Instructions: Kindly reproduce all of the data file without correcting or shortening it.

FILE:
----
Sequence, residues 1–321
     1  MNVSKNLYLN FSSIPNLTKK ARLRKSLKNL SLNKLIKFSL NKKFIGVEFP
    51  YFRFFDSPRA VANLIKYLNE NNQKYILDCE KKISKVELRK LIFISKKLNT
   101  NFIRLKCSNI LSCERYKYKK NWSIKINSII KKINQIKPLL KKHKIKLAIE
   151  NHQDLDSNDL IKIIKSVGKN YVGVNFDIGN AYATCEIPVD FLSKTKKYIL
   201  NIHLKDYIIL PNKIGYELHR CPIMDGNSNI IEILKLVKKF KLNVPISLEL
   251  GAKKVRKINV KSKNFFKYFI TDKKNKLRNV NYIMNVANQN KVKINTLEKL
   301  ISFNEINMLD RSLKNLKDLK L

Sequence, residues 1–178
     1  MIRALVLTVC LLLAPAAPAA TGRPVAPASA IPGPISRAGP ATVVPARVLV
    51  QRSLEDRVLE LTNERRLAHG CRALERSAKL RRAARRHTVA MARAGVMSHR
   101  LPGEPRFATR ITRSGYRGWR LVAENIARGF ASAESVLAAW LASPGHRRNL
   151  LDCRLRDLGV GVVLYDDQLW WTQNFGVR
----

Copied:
Sequence, residues 1–321
     1  MNVSKNLYLN FSSIPNLTKK ARLRKSLKNL SLNKLIKFSL NKKFIGVEFP
    51  YFRFFDSPRA VANLIKYLNE NNQKYILDCE KKISKVELRK LIFISKKLNT
   101  NFIRLKCSNI LSCERYKYKK NWSIKINSII KKINQIKPLL KKHKIKLAIE
   151  NHQDLDSNDL IKIIKSVGKN YVGVNFDIGN AYATCEIPVD FLSKTKKYIL
   201  NIHLKDYIIL PNKIGYELHR CPIMDGNSNI IEILKLVKKF KLNVPISLEL
   251  GAKKVRKINV KSKNFFKYFI TDKKNKLRNV NYIMNVANQN KVKINTLEKL
   301  ISFNEINMLD RSLKNLKDLK L

Sequence, residues 1–178
     1  MIRALVLTVC LLLAPAAPAA TGRPVAPASA IPGPISRAGP ATVVPARVLV
    51  QRSLEDRVLE LTNERRLAHG CRALERSAKL RRAARRHTVA MARAGVMSHR
   101  LPGEPRFATR ITRSGYRGWR LVAENIARGF ASAESVLAAW LASPGHRRNL
   151  LDCRLRDLGV GVVLYDDQLW WTQNFGVR